They moved into the cottage three weeks later, having spent much of their small capital, and some of Lorna's nest egg, on essential furnishings and equipment. They had two armchairs with sagging springs, a deal table, kitchen chairs, a bed, a couch, an array of unmatching crockery, some worn floor coverings. A primus stove, a slop pail, a chamber pot. Two packing cases to double as tables and storage areas. Hurricane lamps. They felt rich. Lorna was amazed to discover in herself some proprietorial instinct. She had never cared tuppence about the trappings of her room at Brunswick Gardens; now, she cherished each of these unassuming effects. She loved the rag rugs they had found in a jumble sale, the patchwork bedcover from a flea market, the Victorian jug and basin that had cost a sinful five shillings in an antique shop. She had a chipped brown pitcher, which she filled with great sprays of scarlet hips and haws from the hedgerows; she wrestled with the old range, and produced her first triumphant meals; she washed their clothes in the big copper that was in the shed and pinned them to the line. When they pushed their bikes up the hill from the village and she saw the solid little outline of the cottage ahead, she thought: home.


It sometimes seemed to Molly that the library was a place of silent discord and anarchy, its superficial tranquility concealing a babel of assertion and dispute. Fiction is one strident lie - or rather, many competing lies; history is a long narrative of argument and reassessment; travel shouts of self-promotion; biography is pushing a product. As for autobiography... And all this is just fine. That is the function of the books: they offer a point of view, they offer many conflicting points of view, they provoke thought, they provoke irritation and admiration and speculation. They take you out of yourself and put you down somewhere else from whence you never entirely return. If the library were to speak, Molly felt, if it were to speak with a thousand tongues, there would be a deep collective growl coming from the core collection upon the high shelves, where the voices of the nineteenth century would be setting precedents, the bleats and cries of new opinion, new fashion, new style. The surface repose of a library is a cynical deception.

November 25, 2007

A Grief Observed

A Grief Observed by C. S. Lewis
Nonfiction - Christian Inspiration
Finished 11/20/07
Rating: 2.5/5 (Fair)

Publisher's Blurb:

In April 1956, C.S. Lewis, a confirmed bachelor, married Joy Davidman, an American poet with two small children. After four brief, intensely happy years, Lewis found himself alone again, and inconsolable. To defend himself against the loss of belief in God, Lewis wrote this journal, an eloquent statement of rediscovered faith. In it he freely confesses his doubts, his rage, and his awareness of human frailty. In it he finds again the way back to life.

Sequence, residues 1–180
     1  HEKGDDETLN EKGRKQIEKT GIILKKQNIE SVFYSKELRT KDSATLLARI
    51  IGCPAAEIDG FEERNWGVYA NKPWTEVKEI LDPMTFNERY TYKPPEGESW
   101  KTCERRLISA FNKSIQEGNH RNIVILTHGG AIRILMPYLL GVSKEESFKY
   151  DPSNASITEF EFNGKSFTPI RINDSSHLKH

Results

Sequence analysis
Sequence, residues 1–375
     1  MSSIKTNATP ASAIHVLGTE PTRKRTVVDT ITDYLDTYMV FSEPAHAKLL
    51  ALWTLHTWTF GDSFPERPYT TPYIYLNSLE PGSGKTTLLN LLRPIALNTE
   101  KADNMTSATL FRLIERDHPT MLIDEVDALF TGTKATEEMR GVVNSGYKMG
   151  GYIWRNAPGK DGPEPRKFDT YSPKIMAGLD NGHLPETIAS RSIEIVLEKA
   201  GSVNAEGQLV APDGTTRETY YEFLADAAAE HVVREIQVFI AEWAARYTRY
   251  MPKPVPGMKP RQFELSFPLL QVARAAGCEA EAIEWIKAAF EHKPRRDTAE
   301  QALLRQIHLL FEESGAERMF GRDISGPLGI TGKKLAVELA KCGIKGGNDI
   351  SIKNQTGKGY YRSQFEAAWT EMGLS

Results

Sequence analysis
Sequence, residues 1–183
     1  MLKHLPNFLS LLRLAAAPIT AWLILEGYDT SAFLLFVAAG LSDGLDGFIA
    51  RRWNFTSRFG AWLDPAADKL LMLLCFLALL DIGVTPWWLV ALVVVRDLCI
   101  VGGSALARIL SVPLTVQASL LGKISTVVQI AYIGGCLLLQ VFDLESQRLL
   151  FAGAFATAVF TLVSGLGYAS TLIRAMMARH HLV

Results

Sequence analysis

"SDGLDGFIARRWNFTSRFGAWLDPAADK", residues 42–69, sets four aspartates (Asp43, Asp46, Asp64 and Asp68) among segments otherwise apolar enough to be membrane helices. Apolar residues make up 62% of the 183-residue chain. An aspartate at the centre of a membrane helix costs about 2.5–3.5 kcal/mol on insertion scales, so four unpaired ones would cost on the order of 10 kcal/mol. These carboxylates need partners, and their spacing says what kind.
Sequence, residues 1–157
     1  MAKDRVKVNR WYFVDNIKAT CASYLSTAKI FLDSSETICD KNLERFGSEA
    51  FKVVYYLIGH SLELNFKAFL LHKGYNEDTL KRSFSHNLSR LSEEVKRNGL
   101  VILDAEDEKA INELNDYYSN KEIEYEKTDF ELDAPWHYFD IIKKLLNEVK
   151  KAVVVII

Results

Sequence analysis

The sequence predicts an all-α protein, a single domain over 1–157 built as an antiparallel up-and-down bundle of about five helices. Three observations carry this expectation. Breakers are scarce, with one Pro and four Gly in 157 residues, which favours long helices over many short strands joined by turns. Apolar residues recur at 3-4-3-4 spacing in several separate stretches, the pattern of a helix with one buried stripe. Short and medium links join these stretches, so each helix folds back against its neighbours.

I've only read one work by C. S. Lewis (The Lion, the Witch and the Wardrobe) and that was many, many years ago. As previously mentioned, I bought this book for my daughter, but decided against sending it to her and wound up reading it myself. One could easily read this slim book in one sitting, but I took my time, reading it in bits and pieces over the course of an entire month. I have a dozen pages marked with sticky notes, yet looking back on the book as a whole, I really didn't care too much for Lewis' impenetrably obtuse ramblings. I found myself re-reading paragraphs, shaking my head in confusion, trying to decipher the meaning behind his words. Having said that, there are several passages about grief that resonated with me.

No one ever told me that grief felt so like fear. I am not afraid, but the sensation is like being afraid. The same fluttering in the stomach, the same restlessness, the yawning. I keep on swallowing.

At other times it feels like being mildly drunk, or concussed. There is a sort of invisible blanket between the world and me. I find it hard to take in what anyone says. Or perhaps, hard to want to take it in. It is so uninteresting. Yet I want the others to be about me. I dread the moments when the house is empty. If only they would talk to one another and not to me.


An odd byproduct of my loss is that I'm aware of being an embarrassment to everyone I meet. At work, at the club, in the street, I see people, as they approach me, trying to make up their minds whether they'll 'say something about it' or not. I hate it if they do, and if they don't.